There’s something about a rap super-group that seems to work so much better than in any other genre. Kanye West and Jay Z’s recent collaboration, Watch the Throne, was able to highlight both of the MC’s styles without any egos getting in the way. When MF Doom and Madlib got together to create Madvilliany, what resulted was one of the greatest hip-hop albums of all time. One of the most influential rap groups ever, Wu Tang Clan, was able to combine nine different personalities into a flowing, forceful masterclass of talent. The duo of El-P and Killer Mike are no different, and their new effort, Run the Jewels 2, under their group name Run the Jewels, is on the same level as any of the aforementioned material.
After beginning the album with a slow-burner, Run the Jewels 2 hits the listener with a tight sample that forces you to bob your head on “Oh My Darling Don’t Cry.” El-P then dishes a straight-up diss to the law. As further overdubs layer El-P and Killer Mike’s flows, the upgrade in production from their debut album is flaunted. On the next track, “Blockbuster Night Pt. 1,” the beats keep rolling as an army march-like thump ushers in Killer Mike. Once the introduction is over, the beat drops, and again the only proper response is a head nod.
The fourth song, “Close Your Eyes (And Count to F– ),” includes a surprising cameo appearance from Zach de la Rocha of Rage Against the Machine. He provides the backbone of the track, a sample of him preaching “run them jewels fast,” as well as a solid verse that showcases his slowed-down tempo. Again, the quality of production is astounding for an underground hip-hop crew.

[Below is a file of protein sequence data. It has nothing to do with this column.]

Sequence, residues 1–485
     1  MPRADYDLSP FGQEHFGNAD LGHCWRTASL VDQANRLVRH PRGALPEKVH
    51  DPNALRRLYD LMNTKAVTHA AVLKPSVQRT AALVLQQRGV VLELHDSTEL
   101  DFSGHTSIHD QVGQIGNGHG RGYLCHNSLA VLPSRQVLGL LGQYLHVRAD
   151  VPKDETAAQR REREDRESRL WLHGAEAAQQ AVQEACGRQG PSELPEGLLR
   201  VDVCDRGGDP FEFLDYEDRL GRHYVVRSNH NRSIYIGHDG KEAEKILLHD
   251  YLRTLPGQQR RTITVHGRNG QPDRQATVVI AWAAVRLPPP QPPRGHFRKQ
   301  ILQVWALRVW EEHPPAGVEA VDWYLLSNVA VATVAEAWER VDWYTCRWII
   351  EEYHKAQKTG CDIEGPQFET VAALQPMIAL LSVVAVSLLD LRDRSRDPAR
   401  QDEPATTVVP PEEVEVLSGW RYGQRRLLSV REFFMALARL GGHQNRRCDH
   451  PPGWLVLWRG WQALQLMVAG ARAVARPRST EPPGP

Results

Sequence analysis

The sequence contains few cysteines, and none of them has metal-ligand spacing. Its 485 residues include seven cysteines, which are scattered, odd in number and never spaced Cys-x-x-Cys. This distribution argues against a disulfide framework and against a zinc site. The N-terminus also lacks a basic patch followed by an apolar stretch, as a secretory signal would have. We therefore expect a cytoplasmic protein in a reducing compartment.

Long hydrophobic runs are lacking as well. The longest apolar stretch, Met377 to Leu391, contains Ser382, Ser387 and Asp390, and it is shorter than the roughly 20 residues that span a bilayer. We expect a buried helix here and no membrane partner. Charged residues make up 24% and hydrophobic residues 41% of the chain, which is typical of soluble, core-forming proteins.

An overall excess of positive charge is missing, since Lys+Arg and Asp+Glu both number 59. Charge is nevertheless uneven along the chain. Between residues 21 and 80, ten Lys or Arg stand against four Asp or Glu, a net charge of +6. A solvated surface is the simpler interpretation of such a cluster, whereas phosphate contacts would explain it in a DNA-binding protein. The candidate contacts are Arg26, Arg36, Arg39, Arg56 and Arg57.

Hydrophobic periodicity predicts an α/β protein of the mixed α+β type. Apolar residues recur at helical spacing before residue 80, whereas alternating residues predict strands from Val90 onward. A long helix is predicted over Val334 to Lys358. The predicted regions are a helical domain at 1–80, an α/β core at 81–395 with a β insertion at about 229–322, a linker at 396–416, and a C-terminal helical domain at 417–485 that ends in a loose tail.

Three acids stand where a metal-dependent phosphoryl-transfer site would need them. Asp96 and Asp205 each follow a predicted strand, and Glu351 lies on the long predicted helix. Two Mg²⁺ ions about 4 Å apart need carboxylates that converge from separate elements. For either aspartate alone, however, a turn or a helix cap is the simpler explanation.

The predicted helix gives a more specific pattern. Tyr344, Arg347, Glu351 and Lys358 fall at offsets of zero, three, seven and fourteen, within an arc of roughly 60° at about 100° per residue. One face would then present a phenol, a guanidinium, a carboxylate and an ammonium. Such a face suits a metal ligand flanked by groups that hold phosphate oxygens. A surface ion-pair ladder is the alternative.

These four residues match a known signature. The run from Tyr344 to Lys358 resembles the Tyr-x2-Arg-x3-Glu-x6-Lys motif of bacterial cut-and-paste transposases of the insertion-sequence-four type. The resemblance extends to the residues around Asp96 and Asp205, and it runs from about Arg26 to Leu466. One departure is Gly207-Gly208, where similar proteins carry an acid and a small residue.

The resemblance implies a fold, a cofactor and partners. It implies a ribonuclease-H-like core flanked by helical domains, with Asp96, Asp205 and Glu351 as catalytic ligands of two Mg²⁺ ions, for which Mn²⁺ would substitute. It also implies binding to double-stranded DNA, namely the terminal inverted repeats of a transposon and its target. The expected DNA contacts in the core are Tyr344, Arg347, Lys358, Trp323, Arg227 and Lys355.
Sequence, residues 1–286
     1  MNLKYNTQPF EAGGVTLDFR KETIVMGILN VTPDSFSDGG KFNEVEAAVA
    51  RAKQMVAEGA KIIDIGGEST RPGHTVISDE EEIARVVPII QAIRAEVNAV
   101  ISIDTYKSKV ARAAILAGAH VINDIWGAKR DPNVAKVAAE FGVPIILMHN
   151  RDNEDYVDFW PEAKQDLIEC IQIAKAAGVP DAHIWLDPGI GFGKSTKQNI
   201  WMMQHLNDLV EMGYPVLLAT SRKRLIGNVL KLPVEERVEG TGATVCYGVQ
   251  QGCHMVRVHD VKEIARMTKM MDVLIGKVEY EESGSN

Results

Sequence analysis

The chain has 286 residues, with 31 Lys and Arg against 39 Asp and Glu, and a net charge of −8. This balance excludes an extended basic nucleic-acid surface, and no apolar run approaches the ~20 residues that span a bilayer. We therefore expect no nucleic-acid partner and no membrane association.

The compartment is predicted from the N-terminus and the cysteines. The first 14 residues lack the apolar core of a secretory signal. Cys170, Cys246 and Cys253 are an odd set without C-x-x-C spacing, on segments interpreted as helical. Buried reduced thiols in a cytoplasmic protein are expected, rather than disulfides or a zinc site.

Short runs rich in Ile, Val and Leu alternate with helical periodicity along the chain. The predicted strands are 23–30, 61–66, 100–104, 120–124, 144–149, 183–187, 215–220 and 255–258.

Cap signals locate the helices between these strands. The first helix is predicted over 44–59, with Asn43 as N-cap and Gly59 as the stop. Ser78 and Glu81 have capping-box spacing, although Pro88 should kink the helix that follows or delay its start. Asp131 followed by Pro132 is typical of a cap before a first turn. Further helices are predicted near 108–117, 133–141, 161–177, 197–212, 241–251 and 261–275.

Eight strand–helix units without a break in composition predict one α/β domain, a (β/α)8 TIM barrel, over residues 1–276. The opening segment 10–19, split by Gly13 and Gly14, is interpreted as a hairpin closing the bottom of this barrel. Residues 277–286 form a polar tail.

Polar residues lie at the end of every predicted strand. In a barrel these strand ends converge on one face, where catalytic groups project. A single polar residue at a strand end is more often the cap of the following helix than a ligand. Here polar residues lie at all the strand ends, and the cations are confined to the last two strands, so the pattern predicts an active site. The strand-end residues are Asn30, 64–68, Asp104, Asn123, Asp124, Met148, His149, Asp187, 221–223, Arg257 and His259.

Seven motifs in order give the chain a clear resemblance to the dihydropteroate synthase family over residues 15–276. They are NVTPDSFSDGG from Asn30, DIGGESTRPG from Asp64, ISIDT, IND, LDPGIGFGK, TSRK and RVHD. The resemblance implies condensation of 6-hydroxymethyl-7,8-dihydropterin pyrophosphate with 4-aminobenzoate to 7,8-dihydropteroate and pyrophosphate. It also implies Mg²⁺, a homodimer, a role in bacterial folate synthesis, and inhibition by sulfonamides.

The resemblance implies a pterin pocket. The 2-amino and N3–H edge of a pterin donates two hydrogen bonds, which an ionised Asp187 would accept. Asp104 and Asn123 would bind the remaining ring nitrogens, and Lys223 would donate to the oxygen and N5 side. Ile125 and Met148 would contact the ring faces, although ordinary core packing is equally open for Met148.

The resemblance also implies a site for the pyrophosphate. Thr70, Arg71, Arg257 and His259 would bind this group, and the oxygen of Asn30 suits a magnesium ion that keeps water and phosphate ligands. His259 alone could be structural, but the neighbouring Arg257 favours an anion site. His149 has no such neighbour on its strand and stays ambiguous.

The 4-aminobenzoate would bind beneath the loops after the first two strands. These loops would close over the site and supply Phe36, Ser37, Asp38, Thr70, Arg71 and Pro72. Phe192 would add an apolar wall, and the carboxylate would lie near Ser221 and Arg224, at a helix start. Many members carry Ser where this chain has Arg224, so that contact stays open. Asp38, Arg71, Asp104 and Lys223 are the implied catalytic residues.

On “Lie, Cheat, Steal,” the music backing the two rappers is an excellent complement to the flow of Killer Mike. A soft progression of notes back him as he spits “I love Dr. King but violence might be necessary.” Political messages are rife in the lyrics, and the aggressiveness in the presentation does a fine job of asserting the bold views of the two MC’s.
The first half of the album is full of material that rivals anything else Run the Jewels has done. The second half isn’t as successful, however. “Early” feels more like a pop song, which doesn’t fit with the hard-natured aesthetic of the album. An appearance by Boots, famous for his contributions to Beyoncé’s self-titled LP, seems forced, and his whiny voice does not sound good with the baritone of Killer Mike, who also has his share of lapses on the latter parts of the album. His flows in “Crown” seem to contrast the personality he built up on earlier tracks, and the auto-tuned vocals at the end are completely out of place.
All of that doesn’t diminish the positives of Run the Jewels 2, however. The minor gripe I had with the group’s debut was that it had spotty production, and the beats and music accompanying the rapping suffered as a result. El-P and Killer Mike have certainly learned from their mistakes, as the former’s progression as a producer has paid off tenfold. With this album, Run the Jewels join the ranks of spectacular rap super-groups.